In the '90s, it seemed that many of jazz's A&R people (as least at the major labels) were interested in either one of two things -- if they weren't going after hard bop-oriented, standards-obsessed "Young Lions" in Armani suites, they were focusing on smooth jazz. Either they were looking for the next Kenny G. or the next Wynton Marsalis. That wasn't good news for fusion, which didn't get any respect from either bop snobs or NAC radio in the '90s. Nonetheless, quality fusion was still being recorded -- you just had to know where to look. And one of the places to look was Lipstick Records, a small independent label that made fusion its main focus during that decade. Released in 1994, this little-known CD by drummer Andrea Marcelli is typical of Lipstick's jazz-rock output. Oneness didn't receive a lot of attention, and it was the only album that Marcelli recorded for Lipstick. Nonetheless, it's a decent effort that employs some noteworthy players, including Allan Holdsworth (electric guitar), Chuck Loeb (electric guitar), Gary Willis (electric bass), Jimmy Johnson (electric bass), and Kei Akagi (acoustic piano). Marcelli, who produced the album and wrote all of the material, isn't a bad composer at all. Nothing groundbreaking occurs, but most of the tracks are likable fusion along the lines of Weather Report, the Yellowjackets, and Chick Corea's Elektric Band. Overall, Marcelli's work tends to be intellectual yet lyrical and melodic, but regrettably, even the disc's most accessible tracks were too spontaneous and improvisatory for NAC/smooth jazz radio; to put it bluntly, Oneness had too much of a brain for the NAC stations of 1994. Not a five-star masterpiece, but certainly respectable, Oneness is worth searching for if you're a die-hard fusion addict.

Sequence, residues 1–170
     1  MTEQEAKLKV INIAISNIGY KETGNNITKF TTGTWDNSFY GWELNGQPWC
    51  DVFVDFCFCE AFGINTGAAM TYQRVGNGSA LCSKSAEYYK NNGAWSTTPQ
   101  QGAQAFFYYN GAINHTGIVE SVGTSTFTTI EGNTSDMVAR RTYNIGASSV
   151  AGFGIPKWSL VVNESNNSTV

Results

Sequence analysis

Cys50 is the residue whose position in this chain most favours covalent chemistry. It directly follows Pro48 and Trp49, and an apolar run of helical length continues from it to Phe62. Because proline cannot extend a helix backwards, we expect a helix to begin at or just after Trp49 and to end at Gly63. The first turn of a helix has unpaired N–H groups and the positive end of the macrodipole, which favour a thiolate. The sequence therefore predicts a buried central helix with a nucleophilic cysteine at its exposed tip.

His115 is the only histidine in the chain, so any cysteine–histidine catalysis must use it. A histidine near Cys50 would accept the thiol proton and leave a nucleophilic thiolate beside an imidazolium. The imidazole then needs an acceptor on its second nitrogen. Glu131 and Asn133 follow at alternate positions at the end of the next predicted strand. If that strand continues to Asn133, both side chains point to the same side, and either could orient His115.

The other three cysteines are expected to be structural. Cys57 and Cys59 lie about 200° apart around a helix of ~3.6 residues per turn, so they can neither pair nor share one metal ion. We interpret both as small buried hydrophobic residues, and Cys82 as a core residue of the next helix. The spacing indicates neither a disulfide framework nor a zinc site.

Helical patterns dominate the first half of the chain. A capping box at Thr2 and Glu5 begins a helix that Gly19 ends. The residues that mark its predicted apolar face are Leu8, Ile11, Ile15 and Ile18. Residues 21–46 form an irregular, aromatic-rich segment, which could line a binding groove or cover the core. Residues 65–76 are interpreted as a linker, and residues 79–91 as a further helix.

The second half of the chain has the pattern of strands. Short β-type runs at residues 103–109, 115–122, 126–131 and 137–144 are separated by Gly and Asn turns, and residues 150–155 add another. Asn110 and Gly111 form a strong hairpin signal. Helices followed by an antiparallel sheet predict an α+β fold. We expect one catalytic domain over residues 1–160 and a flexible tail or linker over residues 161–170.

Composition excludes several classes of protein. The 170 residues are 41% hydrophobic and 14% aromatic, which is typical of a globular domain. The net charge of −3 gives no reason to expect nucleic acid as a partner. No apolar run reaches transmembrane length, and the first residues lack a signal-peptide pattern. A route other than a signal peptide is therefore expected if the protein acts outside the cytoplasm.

Share this page
AllMusic Review by Alex Henderson